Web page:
Oxford University Press (OUP), a department of the University of Oxford, dates back to the earliest days of printing. The first book was printed at Oxford in 1478, just two years after Caxton set up the first printing press in England. The University was involved with several printers in Oxford over the next century.
From the late 1800s OUP began to expand significantly, opening the first overseas OUP office in New York in 1896. Other international branches followed, including Canada (1904), Australia (1908), India (1912), and Southern Africa (1914).
OUP’s diverse program reaches far beyond traditional university publishing. OUP publishes in 40 languages in a variety of print and digital formats, with more than 6,000 titles a year covering a broad academic and educational spectrum. OUP’s books are aimed at all audiences, from pre-school to secondary level schoolchildren; students to academics; general readers to researchers; and individuals to institutions. OUP sells more than 110 million units each year, is present in 100 countries, and employs 6,000 people worldwide. As a worldwide publisher, OUP is committed to furthering the University's objectives of excellence in scholarship, research, and education.
Analysis & Key Developments
Oxford University Press closed the fiscal year ending in March 2015 with an increase in performance. Revenues grew to 767 million GBP, from 759 million GBP in 2014. Surplus from trading before interest, funded projects, minority interests, and taxation was 111 million GBP, 14% of turnover.
Changes in Management
After six-and-a-half years, Professor Andrew Hamilton stepped down from his position as Vice-Chancellor and Chair of the Delegates of OUP. He was replaced by Professor Louise Richardson, former Principal and Vice-Chancellor of the University of St Andrews, Scotland, in January 2016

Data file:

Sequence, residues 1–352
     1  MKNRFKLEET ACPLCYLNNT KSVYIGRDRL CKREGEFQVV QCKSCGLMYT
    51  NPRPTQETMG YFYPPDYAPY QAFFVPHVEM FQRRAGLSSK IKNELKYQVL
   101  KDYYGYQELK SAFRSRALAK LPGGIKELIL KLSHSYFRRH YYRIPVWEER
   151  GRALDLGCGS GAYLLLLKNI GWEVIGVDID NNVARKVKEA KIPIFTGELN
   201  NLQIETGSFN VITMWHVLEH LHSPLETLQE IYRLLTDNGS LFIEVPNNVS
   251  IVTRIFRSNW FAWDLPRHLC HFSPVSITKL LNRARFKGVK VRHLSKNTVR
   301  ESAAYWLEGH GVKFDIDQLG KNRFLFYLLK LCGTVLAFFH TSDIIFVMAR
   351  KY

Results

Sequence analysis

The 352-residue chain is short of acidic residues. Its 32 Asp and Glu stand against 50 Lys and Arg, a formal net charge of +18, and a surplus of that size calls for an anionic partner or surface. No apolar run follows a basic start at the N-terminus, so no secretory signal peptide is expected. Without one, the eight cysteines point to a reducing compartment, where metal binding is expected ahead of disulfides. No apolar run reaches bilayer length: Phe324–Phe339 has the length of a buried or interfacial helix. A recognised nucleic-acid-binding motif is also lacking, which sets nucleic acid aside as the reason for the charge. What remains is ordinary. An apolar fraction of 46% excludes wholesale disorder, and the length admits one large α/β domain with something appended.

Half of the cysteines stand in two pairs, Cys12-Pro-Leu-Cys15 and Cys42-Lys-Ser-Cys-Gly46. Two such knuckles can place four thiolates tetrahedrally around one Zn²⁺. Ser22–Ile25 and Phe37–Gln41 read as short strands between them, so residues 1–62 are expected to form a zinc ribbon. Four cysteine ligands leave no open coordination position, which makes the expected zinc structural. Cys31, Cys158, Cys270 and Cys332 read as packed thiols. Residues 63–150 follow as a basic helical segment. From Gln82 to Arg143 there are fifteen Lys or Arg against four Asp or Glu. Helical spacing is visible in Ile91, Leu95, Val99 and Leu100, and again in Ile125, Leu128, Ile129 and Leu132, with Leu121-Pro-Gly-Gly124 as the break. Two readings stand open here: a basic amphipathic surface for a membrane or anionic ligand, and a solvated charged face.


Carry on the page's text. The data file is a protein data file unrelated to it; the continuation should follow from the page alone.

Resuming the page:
In December 2015 OUP launched a website devoted to Shakespeare scholarship. The site updates is theme each month and provides resources on Shakespeare from across OUP’s list, including school texts, books for general readers, and scholarly research.
In 2015 OUP acquired the e-learning business Epigeum, a provider of online courses used by 230 universities in 27 countries. Epigeum is designed to support universities and colleges in core activities such as teaching, research, studying and management.
In April 2015 OUP bought the language portal bab.la. The free online platform joined Oxford Dictionaries and provides 40 dictionaries for 28 languages, a language forum, vocabulary lessons, language games, quizzes, verb conjugation for twelve languages, phrase books for universities, business, and travel, an internship platform, and many other language-related products.
In May 2015 OUP launched a joint venture with awarding organization AQA to deliver a new suite of international GCSE and A-level qualifications. Also in May, OUP and Overleaf announced a new partnership. Through this partnership, authors who submit to OUP’s Biostatistics journal will have access to Overleaf’s collaborative cloud-based writing and reviewing tool.
In June 2016 OUP announced it would outsource some of its technology services to Cognizant Technology Solutions. The merger will provide OUP with a global service desk, infrastructure and network management, application management, platforms management, testing, and service management.
In 2015 OUP faced difficulties in India, South East Asia, and some parts of Latin America and a painful loss in South Africa, according to its annual report. Strong results were elsewhere, with an increase in Asia by more than 10% despite relative weaknesses in India and China.
OUP’s digital sales gained 7% across the organization and accounted for 20% of the total turnover in 2015. OUP since claimed that "digital products now account for more than half of academic turnover," according to its annual report.